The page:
Sea turtles are ectotherms (cold-blooded), meaning that they can not internally maintain their body temperature and must absorb heat from the surrounding environment to stay warm. For this reason, they are particularly sensitive to ambient temperature and seek to occupy warmer waters, typically in the tropical and temperate zones and ideally over 20ºC. At temperatures of less than 10ºC, see turtles may have trouble keeping warm, and may become cold-stunned, and sometimes, die of hypothermia.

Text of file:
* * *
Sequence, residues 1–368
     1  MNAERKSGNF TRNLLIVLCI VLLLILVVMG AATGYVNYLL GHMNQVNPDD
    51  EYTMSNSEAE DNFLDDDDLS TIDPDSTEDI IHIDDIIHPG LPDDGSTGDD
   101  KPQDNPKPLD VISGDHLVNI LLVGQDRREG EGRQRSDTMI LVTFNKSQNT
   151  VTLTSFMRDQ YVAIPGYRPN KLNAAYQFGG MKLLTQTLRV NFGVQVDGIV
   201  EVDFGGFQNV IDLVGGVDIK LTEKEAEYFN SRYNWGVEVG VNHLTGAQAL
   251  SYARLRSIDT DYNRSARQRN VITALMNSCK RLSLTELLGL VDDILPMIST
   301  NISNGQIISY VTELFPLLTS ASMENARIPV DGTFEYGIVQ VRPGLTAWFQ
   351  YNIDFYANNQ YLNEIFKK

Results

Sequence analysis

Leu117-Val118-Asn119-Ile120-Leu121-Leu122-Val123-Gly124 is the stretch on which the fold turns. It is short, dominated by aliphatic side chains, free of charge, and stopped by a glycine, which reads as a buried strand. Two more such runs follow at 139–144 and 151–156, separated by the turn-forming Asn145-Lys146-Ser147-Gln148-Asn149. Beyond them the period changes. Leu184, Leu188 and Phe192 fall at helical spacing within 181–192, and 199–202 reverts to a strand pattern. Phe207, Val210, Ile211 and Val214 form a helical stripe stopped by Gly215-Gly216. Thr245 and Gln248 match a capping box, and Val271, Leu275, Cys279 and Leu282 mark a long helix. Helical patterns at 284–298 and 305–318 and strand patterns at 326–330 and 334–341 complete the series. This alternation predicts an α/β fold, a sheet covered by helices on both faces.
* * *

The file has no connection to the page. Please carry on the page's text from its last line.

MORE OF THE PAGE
- Hochscheid, S., Bentivegna, F., & Speakman, J. R. (2002). Regional blood flow in sea turtles: implications for heat exchange in an aquatic ectotherm. Physiological and Biochemical Zoology, 75(1), 66-76.
- Schofield, G., Bishop, C. M., Katselidis, K. A., Dimopoulos, P., Pantis, J. D., & Hays, G. C. (2009). Microhabitat selection by sea turtles in a dynamic thermal marine environment. Journal of Animal Ecology, 78(1), 14-21.